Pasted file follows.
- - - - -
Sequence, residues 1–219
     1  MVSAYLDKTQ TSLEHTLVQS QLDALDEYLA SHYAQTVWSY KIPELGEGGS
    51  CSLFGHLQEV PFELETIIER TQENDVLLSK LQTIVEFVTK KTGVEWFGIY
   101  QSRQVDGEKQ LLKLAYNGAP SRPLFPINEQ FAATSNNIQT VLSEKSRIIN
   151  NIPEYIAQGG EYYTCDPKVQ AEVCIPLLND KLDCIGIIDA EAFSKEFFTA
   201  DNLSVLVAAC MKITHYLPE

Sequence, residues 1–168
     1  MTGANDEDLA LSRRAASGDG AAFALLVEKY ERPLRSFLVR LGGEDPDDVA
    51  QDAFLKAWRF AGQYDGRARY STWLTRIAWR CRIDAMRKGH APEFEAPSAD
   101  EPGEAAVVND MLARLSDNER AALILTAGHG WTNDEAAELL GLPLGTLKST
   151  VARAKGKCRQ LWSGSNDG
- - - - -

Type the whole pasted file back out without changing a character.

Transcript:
Sequence, residues 1–219
     1  MVSAYLDKTQ TSLEHTLVQS QLDALDEYLA SHYAQTVWSY KIPELGEGGS
    51  CSLFGHLQEV PFELETIIER TQENDVLLSK LQTIVEFVTK KTGVEWFGIY
   101  QSRQVDGEKQ LLKLAYNGAP SRPLFPINEQ FAATSNNIQT VLSEKSRIIN
   151  NIPEYIAQGG EYYTCDPKVQ AEVCIPLLND KLDCIGIIDA EAFSKEFFTA
   201  DNLSVLVAAC MKITHYLPE

Sequence, residues 1–168
     1  MTGANDEDLA LSRRAASGDG AAFALLVEKY ERPLRSFLVR LGGEDPDDVA
    51  QDAFLKAWRF AGQYDGRARY STWLTRIAWR CRIDAMRKGH APEFEAPSAD
   101  EPGEAAVVND MLARLSDNER AALILTAGHG WTNDEAAELL GLPLGTLKST
   151  VARAKGKCRQ LWSGSNDG